How Smart are SMART Goals?

Monday, 17th January, 2011


In my New Year’s Resolutions are Ineffective blog I revealed one of the top tips of coaches (from a recent survey/discussion forum) were for goals to be SMART, i.e. Specific, Measurable, Achievable, Realistic and Time-bound. However, there was some debate around this and some coaches felt the process was restrictive, and more suitable to short-term task-focused goals only. The SMART process lacked room for creativity and imagination.

Perhaps the best way to explore this debate further is to take one of my goals for 2011 and apply SMART to it, then see how restricting (or otherwise) it feels.

Goal area: Developing my blog writing skills and frequency of posts

Applying SMART …

Specific: To be writing at least one blog entry per week by the end of March 2011, and feel content with what I have produced

Measurable: I can measure it in terms of evidence of weekly production, although I would need to explore what ‘content’ means for me, perhaps being able to give my efforts a 7/10 or above would mean I am content (?)

Achievable: It’s achievable in that I have the skills to write a blog and have written blogs in the past. I also have the time and material to write one per week.

Realistic: It seems a realistic goal. I am not over-stretching my skills or giving myself an unworkable target.

Time-bound: I have a time scale of the end of March, and want to have published a blog weekly during March to say I’ve achieved this goal.

OK, so having applied SMART – how do I feel about it? To be honest, it feels clearer and more focused, but not particularly exciting. I think it takes me beyond my comfort zone and into my stretch zone (which is where I believe goals should be) but will it inspire me to go beyond that? Will I want to sustain it and aim for ‘new heights’?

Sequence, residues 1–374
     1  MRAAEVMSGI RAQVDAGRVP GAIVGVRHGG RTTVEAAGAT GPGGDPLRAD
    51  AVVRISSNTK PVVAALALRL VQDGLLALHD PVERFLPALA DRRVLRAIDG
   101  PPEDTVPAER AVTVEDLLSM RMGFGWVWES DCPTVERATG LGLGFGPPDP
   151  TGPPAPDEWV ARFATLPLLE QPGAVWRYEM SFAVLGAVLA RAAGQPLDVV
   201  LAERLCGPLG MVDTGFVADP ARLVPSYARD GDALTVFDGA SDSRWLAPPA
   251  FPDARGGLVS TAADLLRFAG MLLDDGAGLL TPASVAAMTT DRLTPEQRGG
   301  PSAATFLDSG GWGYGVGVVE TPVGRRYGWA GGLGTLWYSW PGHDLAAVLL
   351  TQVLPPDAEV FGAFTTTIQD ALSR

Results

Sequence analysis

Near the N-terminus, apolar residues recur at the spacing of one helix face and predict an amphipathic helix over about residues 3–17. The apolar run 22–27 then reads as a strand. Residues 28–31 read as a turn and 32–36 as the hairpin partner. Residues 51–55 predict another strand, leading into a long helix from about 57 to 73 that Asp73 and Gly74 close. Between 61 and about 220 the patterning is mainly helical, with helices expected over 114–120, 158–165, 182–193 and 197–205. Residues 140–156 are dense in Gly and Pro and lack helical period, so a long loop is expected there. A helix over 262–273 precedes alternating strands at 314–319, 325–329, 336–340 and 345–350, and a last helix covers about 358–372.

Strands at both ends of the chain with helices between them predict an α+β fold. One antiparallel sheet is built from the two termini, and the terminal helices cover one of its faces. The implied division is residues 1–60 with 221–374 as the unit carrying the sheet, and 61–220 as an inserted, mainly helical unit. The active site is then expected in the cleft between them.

For me, a goal needs to be exciting and motivating, so this goal will need more work. I believe it’s part of a bigger picture, a bigger goal … one that will be part of my CPD. What will help me, perhaps, as a starting point is to answer the following questions:

1. What values does this goal support?

2. What are the benefits of achieving this goal (including personal growth benefits)?

3. What new skills / knowledge will achieving it give me?

4. What else could it lead to?

5. What will my reward(s) be for achieving it? (I know here that achievement will be reward in itself, but it will be nice to have something to look forward to, so I will come up with a tangible reward too!)

To conclude, I think SMART applied to this particular goal is relevant but it has its short-comings, and I think is restricting.

I’m interested to hear whether you apply SMART to your goal-setting process, and how it works for you. please feel free to comment below.

*Thanks to David Clutterbuck for his comments and insight into SMART and goal-setting.

Tdebbie019 fhank you for taking time to read this blog.

I’m Debbie Inglis, a performance coach, mentor and trainer, working with Heads, Principals, School leaders and their teams to maximise leadership performance, create more effective, confident, and motivated teams … in a way that brings out the best in them.

If you’re interested in my services, please get in touch, and you can read more here.

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